Knuckle boom cranes are designed to lift in horizontal plane, which distinguishes their capabilities from telescopic cranes, Fischer says. “If a telescoping crane needs to hit the same spot with a significant load capacity it must be operated at an increased boom angle, necessitating a longer heavier boom,” he says.
Many of the newer models of knuckle boom cranes are “double jointed” and can bend a few degrees back on themselves, a nice option for placing loads through an opening, such as a window or doorway, where the second section of the boom can be raised 'backwards', by up to about 15 degrees, in relation to the first section.
Tim Arkilander, product manager for Finland-based Hiab Company, says the strongest markets for his company's product line include drywall, roofi ng, and concrete contractors. However, most Hiab cranes in North America are being used for the delivery and placement of materials used by home builders, he says.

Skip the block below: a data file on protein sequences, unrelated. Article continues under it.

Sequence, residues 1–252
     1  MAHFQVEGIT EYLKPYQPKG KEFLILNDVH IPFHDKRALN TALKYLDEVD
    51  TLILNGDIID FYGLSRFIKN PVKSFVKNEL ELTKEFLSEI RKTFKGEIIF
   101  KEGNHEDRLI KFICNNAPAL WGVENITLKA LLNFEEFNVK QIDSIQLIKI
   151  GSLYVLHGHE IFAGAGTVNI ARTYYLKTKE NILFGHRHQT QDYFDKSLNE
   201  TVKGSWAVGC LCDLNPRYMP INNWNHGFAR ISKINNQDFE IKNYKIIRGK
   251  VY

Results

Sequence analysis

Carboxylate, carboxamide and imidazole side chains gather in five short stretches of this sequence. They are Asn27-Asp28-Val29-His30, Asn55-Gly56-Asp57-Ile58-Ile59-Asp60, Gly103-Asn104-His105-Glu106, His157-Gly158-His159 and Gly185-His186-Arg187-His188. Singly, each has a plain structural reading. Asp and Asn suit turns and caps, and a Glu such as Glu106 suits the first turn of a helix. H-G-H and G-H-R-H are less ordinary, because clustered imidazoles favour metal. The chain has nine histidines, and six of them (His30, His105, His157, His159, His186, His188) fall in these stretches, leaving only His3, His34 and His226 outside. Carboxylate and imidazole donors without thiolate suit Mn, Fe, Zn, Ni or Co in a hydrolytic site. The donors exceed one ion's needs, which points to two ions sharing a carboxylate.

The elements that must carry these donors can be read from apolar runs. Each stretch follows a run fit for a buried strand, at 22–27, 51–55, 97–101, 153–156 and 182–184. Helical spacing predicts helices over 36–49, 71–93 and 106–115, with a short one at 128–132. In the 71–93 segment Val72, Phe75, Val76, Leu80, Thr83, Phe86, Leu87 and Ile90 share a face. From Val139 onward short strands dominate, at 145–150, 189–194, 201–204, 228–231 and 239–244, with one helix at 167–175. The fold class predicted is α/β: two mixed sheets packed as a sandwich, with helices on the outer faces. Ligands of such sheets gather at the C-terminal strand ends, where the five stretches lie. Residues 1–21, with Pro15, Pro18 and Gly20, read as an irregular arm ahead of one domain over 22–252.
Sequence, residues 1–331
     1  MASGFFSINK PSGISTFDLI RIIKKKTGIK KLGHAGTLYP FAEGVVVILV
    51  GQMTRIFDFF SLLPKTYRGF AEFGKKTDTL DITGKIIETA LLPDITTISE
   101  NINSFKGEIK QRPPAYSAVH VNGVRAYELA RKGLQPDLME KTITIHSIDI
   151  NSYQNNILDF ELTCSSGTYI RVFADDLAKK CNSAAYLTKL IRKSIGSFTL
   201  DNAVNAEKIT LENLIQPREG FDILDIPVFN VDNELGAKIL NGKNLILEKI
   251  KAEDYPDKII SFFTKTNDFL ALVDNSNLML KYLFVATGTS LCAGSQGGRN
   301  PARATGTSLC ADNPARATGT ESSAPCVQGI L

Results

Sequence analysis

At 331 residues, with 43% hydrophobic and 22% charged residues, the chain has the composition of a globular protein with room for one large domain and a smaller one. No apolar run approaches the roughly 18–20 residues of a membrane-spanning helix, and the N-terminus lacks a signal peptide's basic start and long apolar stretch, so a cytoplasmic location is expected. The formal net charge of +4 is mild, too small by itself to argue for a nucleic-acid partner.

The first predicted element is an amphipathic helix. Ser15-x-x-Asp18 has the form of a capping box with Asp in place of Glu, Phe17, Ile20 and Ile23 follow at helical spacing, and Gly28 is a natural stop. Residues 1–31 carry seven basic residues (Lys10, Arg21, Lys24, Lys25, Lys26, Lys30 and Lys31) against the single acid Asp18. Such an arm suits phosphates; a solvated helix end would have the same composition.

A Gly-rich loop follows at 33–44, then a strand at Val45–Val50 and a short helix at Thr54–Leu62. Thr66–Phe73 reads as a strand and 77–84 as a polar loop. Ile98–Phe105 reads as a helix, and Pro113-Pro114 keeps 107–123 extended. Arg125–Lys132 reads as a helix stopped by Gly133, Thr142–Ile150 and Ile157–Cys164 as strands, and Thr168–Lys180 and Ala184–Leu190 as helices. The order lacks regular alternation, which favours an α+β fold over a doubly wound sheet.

Arkilander agrees that the market for knuckle boom cranes is increasing in the US, but noThat huge rates relative to other indicators, (as they relate to building materials). “Over the last 10 years the market has ranged from 1,600 to 2,200 units if you include drywall cranes, but not including forestry,” he says. “Hiab has grown, (doubled in four years) but that is [due to] a combination of capturing market growth and market share.”
Arkilander contends that Hiab cranes have a technological edge in the market, but for the most part, “the edge for articulating cranes over other methods is not coming from technology,” he says, “it is just concept selling – getting the word out.”